Monday, September 22, 2014

Quick Review - Monsters Menace America

Monsters Menace America
Designers: J. C. Connors & Ben Knight
Publisher: Avalon Hill
Quick Review - Monsters Menace America
We actually played one and a half games of Monsters Menace America.  Two weeks ago we met at a friend's house to play, but we ended up running out of time and weren't able to finish the game.  So on Friday we met again and decided to give the game another try.  The first game went very slowly as each of us tried to figure out the rules (they're a bit confusing at points), juggled various military and monster strengths and weaknesses, and figured out what kind of a strategy you should use when playing two sides at once.  The second game went much quicker, although there was still a bit of confusion at times determining how battles should resolve.

Monsters Menace America is a heavily thematic war game.  The premise is that a number of large B-movie type monsters (think King Kong or Godzilla) are attacking America.  The military is out to protect the nation's cities and valued locations, but they are no match for the destructive forces of the mutant creatures rampaging across the nation.  Eventually the monsters get bored and turn on each other.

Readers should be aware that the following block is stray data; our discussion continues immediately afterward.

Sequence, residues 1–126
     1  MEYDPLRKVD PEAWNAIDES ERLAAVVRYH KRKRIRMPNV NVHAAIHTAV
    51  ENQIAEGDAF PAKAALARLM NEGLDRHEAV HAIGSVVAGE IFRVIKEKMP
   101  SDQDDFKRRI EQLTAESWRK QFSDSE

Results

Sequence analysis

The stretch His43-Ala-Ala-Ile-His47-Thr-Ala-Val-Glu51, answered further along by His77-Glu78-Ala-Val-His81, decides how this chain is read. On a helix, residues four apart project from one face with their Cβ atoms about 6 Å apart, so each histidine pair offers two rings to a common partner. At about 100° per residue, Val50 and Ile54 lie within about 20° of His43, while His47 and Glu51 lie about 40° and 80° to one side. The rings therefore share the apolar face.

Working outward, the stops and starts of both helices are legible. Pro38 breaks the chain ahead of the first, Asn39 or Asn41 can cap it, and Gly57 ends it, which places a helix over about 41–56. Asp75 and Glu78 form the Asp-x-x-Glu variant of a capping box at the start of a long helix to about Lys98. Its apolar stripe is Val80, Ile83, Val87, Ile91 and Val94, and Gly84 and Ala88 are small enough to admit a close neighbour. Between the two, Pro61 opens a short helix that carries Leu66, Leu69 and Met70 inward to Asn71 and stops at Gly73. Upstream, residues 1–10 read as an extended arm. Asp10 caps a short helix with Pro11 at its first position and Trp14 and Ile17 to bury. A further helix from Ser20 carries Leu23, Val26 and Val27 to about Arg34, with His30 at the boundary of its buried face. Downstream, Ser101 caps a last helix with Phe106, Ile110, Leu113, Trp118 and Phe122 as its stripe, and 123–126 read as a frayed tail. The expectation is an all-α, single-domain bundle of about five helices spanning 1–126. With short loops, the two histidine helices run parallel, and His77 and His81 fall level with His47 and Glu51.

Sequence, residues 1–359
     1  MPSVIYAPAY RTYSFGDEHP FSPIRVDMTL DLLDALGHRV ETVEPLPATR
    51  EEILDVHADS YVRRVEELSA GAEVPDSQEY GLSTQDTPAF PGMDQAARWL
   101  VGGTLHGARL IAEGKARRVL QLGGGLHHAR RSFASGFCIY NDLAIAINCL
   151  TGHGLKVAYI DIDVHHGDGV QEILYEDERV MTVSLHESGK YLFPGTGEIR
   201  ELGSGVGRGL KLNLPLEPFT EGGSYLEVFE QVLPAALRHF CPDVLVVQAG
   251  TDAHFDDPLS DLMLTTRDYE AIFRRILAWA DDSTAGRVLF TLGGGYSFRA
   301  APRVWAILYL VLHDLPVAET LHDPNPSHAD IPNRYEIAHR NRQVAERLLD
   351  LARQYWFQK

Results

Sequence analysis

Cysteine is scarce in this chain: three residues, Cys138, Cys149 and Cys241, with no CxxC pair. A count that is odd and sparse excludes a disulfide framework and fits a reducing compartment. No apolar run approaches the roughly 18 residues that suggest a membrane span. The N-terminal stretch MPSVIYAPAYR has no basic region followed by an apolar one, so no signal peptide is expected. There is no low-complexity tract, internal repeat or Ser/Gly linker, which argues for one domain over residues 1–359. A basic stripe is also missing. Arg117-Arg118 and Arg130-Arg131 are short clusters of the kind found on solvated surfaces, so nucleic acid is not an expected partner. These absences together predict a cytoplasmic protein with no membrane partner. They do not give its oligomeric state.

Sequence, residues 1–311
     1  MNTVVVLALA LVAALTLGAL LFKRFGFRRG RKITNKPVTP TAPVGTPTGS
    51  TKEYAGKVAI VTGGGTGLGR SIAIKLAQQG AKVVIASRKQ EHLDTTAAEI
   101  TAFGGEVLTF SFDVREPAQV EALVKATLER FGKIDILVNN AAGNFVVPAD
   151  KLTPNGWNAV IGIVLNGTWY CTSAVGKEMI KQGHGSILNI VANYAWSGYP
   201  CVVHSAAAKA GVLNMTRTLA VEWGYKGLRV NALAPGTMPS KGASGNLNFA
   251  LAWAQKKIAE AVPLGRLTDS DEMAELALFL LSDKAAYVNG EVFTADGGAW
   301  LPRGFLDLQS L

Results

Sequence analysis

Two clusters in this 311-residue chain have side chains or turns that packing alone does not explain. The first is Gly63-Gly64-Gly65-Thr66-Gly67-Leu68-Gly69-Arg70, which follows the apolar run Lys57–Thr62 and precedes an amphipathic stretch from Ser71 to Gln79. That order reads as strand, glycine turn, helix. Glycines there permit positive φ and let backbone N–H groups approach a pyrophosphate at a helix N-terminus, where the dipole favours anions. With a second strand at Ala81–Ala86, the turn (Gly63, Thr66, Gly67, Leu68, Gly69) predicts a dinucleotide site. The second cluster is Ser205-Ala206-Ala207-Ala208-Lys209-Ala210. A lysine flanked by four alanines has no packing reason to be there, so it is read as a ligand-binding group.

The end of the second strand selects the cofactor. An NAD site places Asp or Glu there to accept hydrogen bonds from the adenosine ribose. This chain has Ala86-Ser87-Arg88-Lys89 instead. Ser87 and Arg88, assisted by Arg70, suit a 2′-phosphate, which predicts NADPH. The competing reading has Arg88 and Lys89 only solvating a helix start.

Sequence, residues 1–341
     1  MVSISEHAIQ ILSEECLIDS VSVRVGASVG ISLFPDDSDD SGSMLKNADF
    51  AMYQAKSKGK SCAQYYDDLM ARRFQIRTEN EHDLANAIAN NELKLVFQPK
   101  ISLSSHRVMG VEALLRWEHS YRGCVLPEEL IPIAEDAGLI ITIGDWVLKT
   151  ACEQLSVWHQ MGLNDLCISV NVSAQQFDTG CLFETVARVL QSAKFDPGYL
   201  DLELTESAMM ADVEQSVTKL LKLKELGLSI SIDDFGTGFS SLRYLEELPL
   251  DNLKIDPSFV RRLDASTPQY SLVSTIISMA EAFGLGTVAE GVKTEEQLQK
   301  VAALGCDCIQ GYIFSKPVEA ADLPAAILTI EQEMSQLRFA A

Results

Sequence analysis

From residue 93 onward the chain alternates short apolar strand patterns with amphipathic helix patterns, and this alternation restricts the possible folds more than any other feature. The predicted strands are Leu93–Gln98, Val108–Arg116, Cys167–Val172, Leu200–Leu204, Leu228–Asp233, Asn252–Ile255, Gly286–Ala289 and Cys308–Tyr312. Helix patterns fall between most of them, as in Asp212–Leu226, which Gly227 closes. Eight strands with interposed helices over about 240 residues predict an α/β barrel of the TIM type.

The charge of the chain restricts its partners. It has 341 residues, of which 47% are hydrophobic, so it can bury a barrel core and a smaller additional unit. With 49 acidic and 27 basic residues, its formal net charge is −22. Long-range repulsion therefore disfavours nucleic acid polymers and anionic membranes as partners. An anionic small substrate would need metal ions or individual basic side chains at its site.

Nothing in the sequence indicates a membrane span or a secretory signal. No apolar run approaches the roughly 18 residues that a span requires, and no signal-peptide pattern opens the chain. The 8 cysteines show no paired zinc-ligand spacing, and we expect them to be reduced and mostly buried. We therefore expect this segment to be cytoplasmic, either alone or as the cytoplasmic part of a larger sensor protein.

Each player in the game gets to control both a monster and a branch of the military (Army, Navy, Air Force, or Marines).  National Guard units are also available for all players to use.  The goal is to use your military units to protect locations and thwart the destructive tendencies of your opponents monsters while you let your monster stomp as many locations as possible.  Monsters gain health points by stomping locations and lose health when they come into conflict with the military.  Monsters can also earn Infamy tokens for destroying famous places (like Graceland, or Fort Knox) and can get Mutation cards that give them special powers when they visit locations like Three Mile Island.  Military units can be deployed in military bases or players can choose to conduct Military Research to gain special powers for their military, or in some cases special weapons like giant robot soldiers.